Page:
Featured Articles

TSMC: Volume production of 16nm FinFET in 2H 2015

TSMC: Volume production of 16nm FinFET in 2H 2015

TSMC has announced that it will begin volume production of 16nm FinFET products in the second half of 2015, in late…

More...
AMD misses earnings targets, announces layoffs

AMD misses earnings targets, announces layoffs

AMD has missed earnings targets and is planning a substantial job cuts. The company reported quarterly earnings yesterday and the street is…

More...
Did Google botch the Nexus 6 and Nexus 9?

Did Google botch the Nexus 6 and Nexus 9?

As expected, Google has finally released the eagerly awaited Nexus 6 phablet and its first 64-bit device, the Nexus 9 tablet.

More...
Gainward GTX 970 Phantom previewed

Gainward GTX 970 Phantom previewed

Nvidia has released two new graphics cards based on its latest Maxwell GPU architecture. The Geforce GTX 970 and Geforce GTX…

More...
EVGA GTX 970 SC ACX 2.0 reviewed

EVGA GTX 970 SC ACX 2.0 reviewed

Nvidia has released two new graphics cards based on its latest Maxwell GPU architecture. The Geforce GTX 970 and Geforce GTX…

More...
Frontpage Slideshow | Copyright © 2006-2010 orks, a business unit of Nuevvo Webware Ltd.
Friday, 04 October 2013 07:46

More security flaws in iOS

Written by Nick Farrell



More features bypassed

A German security company has found a bug in Apple’s software which effectively kills off another reason for upgrading. One of the advertised features was "Find My iPhone" which was supposed to protect data on the phone if it was stolen by allowing a user to remotely wipe their personal data.

Berlin's Security Research Labs, known as SRL, said that a vulnerability in Apple’s super-cool, brilliant, wow, beautiful programming would buy criminals time to break into the Apple phones, gain complete control of data, access email accounts and then potentially take over the user's bank accounts. Also the German researchers figured out an easier way to crack the iPhone fingerprint scanner than has been demonstrated thus far.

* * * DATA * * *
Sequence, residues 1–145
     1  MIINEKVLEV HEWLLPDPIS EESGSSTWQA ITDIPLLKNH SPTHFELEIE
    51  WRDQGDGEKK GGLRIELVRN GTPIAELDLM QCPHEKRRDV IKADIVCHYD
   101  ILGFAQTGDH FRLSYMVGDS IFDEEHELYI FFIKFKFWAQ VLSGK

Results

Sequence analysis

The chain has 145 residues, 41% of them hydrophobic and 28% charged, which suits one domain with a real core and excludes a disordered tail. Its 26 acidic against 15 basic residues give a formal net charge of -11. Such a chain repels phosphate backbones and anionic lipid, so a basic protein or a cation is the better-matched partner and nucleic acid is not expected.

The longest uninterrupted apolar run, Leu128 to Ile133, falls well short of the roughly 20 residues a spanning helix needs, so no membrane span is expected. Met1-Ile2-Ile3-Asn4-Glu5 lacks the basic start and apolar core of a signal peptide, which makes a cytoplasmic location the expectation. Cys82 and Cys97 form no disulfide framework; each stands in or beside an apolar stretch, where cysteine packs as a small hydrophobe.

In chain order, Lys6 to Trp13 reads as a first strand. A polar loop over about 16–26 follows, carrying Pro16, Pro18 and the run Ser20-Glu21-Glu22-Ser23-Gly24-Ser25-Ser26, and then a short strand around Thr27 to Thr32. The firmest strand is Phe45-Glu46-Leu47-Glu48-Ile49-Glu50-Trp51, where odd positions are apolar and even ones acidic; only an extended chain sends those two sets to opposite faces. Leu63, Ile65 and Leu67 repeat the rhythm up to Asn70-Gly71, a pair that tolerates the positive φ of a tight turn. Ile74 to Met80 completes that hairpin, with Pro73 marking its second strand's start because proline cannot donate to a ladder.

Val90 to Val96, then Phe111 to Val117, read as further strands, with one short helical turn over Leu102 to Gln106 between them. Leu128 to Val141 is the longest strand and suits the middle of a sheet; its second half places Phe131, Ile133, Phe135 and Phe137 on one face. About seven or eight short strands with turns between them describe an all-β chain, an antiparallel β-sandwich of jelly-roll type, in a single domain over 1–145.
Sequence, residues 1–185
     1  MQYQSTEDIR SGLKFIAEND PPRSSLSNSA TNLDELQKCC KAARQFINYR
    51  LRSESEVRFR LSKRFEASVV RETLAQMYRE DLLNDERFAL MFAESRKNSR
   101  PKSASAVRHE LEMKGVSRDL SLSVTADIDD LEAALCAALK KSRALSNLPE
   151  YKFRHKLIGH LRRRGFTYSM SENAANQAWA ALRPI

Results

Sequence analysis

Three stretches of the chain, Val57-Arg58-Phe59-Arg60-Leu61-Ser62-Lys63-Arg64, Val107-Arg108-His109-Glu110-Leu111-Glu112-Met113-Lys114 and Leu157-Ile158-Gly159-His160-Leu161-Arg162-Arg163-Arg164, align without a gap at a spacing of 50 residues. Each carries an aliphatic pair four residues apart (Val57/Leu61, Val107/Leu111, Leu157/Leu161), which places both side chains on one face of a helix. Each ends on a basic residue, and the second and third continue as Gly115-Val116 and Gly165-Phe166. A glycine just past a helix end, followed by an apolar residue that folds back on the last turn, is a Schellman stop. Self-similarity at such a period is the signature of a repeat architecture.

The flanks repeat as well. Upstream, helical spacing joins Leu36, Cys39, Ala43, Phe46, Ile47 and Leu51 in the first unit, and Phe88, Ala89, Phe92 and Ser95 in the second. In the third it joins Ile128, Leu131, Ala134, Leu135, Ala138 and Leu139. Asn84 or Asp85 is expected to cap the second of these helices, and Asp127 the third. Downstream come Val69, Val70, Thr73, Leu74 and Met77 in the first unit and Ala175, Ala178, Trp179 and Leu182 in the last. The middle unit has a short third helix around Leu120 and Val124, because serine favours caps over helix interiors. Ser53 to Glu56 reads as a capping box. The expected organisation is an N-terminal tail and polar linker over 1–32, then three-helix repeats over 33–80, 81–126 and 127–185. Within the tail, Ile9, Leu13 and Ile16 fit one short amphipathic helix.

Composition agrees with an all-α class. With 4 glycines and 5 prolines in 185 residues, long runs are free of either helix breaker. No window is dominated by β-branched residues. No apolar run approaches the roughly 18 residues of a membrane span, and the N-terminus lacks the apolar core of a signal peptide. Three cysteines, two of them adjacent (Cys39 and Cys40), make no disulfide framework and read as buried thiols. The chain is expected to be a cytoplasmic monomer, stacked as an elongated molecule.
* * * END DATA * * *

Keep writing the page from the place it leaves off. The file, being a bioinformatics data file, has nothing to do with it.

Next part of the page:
This is the fifth major security bug in the iPhone and its iOS operating system uncovered since July. "Find My iPhone" lets users log into Apple's iCloud and wipe a device, giving victims a chance to disable the phone before criminals can gain access. It also prevents criminals from registering those devices to another account.

Ben Schlabs, an SRL project manager in biometric security, said that by sticking a stolen phone in "airplane mode" it cut off iCloud's ability to communicate with the device to initiate the features. That bought him time to create a "fake finger" to fool Touch ID.

He created a fingerprint mould using the same approach as Starbug, who took a photo of an iPhone user's fingerprint with a high-resolution camera, printed it out on a plastic sheet, then etched the mould. Once he gained access to the iPhone 5S with the fake finger, he looked up the user's email address. He then went to Apple's website on an ordinary computer and instructed it to send credentials for resetting its password to the account of the phone's owner.

He turned off airplane mode for several seconds: just enough time to retrieve email, but not enough for the "Find My iPhone" feature to disable the device or initiate a wipe.

After resetting the password, he completely owned the phone and all the data on it.

blog comments powered by Disqus

 

Facebook activity

Latest Commented Articles

Recent Comments